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Two Types of Antibodies Are Induced by Vaccination with A/California/2009pdm Virus: Binding near the Sialic Acid-Binding Pocket and Neutralizing Both H1N1 and H5N1 Viruses

  • Nobuko Ohshima,

    Affiliation Division of Antibody Project, Institute for Comprehensive Medical Science, Fujita Health University, Toyoake, Aichi, Japan

  • Ritsuko Kubota-Koketsu,

    Affiliation Department of Virology, Research Institute for Microbial Diseases, Osaka University, Suita, Osaka, Japan

  • Yoshitaka Iba,

    Affiliation Division of Antibody Project, Institute for Comprehensive Medical Science, Fujita Health University, Toyoake, Aichi, Japan

  • Yoshinobu Okuno,

    Affiliation The Research Foundation for Microbial Diseases, Osaka University, Kanonji, Kagawa, Japan

  • Yoshikazu Kurosawa

    kurosawa@fujita-hu.ac.jp

    Affiliation Division of Antibody Project, Institute for Comprehensive Medical Science, Fujita Health University, Toyoake, Aichi, Japan

Two Types of Antibodies Are Induced by Vaccination with A/California/2009pdm Virus: Binding near the Sialic Acid-Binding Pocket and Neutralizing Both H1N1 and H5N1 Viruses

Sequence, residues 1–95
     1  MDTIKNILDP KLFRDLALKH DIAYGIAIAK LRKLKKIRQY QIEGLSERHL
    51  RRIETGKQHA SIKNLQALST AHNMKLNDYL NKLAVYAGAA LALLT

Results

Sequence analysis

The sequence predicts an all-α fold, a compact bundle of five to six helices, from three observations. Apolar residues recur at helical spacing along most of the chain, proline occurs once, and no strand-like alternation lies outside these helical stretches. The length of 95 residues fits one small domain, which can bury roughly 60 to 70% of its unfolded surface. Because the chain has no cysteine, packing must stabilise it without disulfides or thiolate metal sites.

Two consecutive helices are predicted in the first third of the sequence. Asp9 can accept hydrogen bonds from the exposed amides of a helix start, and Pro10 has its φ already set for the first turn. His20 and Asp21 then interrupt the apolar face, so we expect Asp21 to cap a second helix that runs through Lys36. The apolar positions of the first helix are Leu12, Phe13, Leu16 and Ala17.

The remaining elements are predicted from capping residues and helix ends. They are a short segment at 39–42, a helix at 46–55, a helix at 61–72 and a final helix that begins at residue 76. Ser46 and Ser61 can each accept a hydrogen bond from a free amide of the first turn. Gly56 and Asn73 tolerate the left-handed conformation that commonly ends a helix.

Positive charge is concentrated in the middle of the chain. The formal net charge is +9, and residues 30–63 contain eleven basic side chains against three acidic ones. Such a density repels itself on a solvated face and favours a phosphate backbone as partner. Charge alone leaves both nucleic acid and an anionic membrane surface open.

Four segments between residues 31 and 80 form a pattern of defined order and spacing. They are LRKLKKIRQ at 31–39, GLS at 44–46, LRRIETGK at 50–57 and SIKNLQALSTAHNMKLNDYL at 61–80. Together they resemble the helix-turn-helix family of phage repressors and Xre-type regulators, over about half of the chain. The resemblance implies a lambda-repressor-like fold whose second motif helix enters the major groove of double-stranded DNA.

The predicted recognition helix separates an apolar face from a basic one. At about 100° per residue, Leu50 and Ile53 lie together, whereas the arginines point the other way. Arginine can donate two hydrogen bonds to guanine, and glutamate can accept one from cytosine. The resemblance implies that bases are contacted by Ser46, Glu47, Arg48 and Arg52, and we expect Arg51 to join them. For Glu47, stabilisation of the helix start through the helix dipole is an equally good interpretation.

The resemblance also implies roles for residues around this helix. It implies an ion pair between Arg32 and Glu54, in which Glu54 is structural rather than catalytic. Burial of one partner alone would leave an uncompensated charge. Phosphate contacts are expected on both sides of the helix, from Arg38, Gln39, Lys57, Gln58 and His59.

• Nobuko Ohshima, 
  • Ritsuko Kubota-Koketsu, 
  • Yoshitaka Iba, 
  • Yoshinobu Okuno, 
  • Yoshikazu Kurosawa
PLOS
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Abstract

Many people have a history of catching the flu several times during childhood but no additional flu in adulthood, even without vaccination. We analyzed the total repertoire of antibodies (Abs) against influenza A group 1 viruses induced in such a flu-resistant person after vaccination with 2009 H1N1 pandemic influenza virus. They were classified into two types, with no exceptions. The first type, the products of B cells newly induced through vaccination, binds near the sialic acid-binding pocket. The second type, the products of long-lived memory B cells established before vaccination, utilizes the 1-69 VH gene, binds to the stem of HA, and neutralizes both H1N1 and H5N1 viruses with few exceptions. These observations indicate that the sialic acid-binding pocket and its surrounding region are immunogenically very potent and majority of the B cells whose growth is newly induced by vaccination produce Abs that recognize these regions. However, they play a role in protection against influenza virus infection for a short period since variant viruses that have acquired resistance to these Abs become dominant. On the other hand, although the stem of HA is immunogenically not potent, the second type of B cells eventually becomes dominant. Thus, a selection system should function in forming the repertoire of long-lived memory B cells and the stability of the epitope would greatly affect the fate of the memory cells. Acquisition of the ability to produce Abs that bind to the stable epitope could be a major factor of flu resistance.